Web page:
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manding interest; it is a growing interest; it is a peculiar interest; it is a lasting interest; and really, if the Lord Jesus have such an interest in you, you may be as confident that you have a real and glorious interest in him, as you are confident that you live.
And thus much for the means whereby you may come to know your interest in rich Jesus.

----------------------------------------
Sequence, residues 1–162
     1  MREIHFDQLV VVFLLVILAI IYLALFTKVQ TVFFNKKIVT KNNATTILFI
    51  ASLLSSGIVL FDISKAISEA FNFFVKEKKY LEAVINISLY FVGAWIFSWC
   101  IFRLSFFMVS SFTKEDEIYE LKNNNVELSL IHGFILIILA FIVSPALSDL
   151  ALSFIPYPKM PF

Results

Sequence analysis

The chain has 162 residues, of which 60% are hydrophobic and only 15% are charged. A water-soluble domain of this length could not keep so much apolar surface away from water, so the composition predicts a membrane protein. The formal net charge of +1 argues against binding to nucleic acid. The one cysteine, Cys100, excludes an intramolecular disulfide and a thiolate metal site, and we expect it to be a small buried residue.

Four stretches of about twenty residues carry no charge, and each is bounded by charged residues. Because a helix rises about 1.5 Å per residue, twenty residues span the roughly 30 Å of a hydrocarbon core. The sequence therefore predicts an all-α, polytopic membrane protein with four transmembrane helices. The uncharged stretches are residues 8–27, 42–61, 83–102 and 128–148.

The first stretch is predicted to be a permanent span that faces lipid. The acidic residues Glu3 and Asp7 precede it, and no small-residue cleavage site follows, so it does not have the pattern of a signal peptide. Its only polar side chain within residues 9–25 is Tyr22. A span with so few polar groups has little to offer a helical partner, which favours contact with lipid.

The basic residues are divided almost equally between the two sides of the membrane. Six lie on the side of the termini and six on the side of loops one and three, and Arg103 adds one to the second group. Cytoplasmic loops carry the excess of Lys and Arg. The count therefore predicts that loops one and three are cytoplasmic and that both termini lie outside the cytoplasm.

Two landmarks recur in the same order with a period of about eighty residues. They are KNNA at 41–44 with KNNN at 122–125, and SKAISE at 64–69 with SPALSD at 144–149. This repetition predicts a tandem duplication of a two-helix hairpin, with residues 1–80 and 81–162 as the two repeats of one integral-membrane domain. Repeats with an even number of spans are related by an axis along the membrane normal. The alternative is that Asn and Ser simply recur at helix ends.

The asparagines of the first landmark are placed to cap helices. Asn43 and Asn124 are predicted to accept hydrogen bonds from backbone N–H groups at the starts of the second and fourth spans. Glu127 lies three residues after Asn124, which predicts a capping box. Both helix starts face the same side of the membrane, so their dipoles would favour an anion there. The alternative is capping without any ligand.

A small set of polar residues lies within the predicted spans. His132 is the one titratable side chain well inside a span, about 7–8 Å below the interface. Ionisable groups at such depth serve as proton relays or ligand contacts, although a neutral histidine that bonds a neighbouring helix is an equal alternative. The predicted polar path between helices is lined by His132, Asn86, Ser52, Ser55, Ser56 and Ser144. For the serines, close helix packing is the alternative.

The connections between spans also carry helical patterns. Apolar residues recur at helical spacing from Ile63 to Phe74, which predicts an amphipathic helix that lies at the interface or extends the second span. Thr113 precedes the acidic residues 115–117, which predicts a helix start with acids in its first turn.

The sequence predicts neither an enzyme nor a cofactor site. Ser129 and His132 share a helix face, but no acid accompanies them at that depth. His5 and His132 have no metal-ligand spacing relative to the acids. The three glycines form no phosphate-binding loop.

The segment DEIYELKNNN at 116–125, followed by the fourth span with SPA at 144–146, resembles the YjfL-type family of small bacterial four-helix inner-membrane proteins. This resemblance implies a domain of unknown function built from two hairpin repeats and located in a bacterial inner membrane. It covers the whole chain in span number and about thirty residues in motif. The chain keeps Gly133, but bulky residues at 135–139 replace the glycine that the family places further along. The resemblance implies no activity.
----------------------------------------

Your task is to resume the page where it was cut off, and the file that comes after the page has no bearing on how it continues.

Before I close up this discourse, give me leave to speak a few words to poor sinners, who to this very day are afar off from this Jesus, who is so rich in all excellencies and glories. Ah poor hearts, you havejieard much of the riches of the Lord Jesus, and O that I could persuade you to get an interest in this Christ! Get this Christ, and you get all; miss him, and you miss all. It is a matter of eternal concernment to your souls. Nothing can make that man miserable, who has this rich Christ; nothing can make that man happy, who wants this rich Christ. In Prov. iv. 5, 7, it is said, Get wisdom, that is, Christ, get understanding, forget it not. Wisdom is the principal thing, therefore get .wisdom, and with all thy getting, get understanding. And so in Prov. xvi. 16; How much better is it to get wisdom than gold? and to get understanding, rather to be chosen than silver? Hadst thou all the power of the world, without an interest in Christ, thou wouldst be but weak. Hadst thou all the wit and learning in the world, without an interest in Christ, thou wilt be but a fool. Hadst thou all the honour in the world, yet without an interest in Christ, thou wouldst be but base. Hadst thou all the wealth in the world, yet without an interest in Christ, thou wouldst be but a beggar. O therefore labour for an interest in Christ! O turn the wise merchant at last ! The wise merchant in the gospel, parts with all to buy the pearl, to get an interest in Christ. O it is your greatest wisdom, it is of an eternal concernment to your souls; to sell all, to part with all, for an interest in the Lord Jesus. O do not deal with your souls, when Christ is tendered and offered to you, as sometimes simple people do when they go to market; they might have a good pennyworth, but they are loath to part with some old piece of gold, that has been given them by a father or a friend: somewhat willing they are to have a good pennyworth, but unwilling they are to part with their gold. It is so with many poor sinners. When the Lord Jesus Christ is presented to their souls as a very glorious pennyworth, somewhat willing they are to have him, but unwilling they are to part with their old gold, with some old sweet, darling lust. But, sinners, do not you deceive your own souls: sin and your souls must part, or Christ and your souls can never meet; sin and your souls must be two, or Christ and your souls can never be one. Christ is a most precious commodity; he is better than rubies or the most costly pearls; and you must part with your old gold, with your shining gold, your old sins, your most shining sins, or you must perish for ever. Christ is to be sought and bought with any pains, at any price; we cannot buy this gold too dear. He is a jewel more worth than a thousand worlds, as all know who have him. Get him, and get all; miss him, and miss all.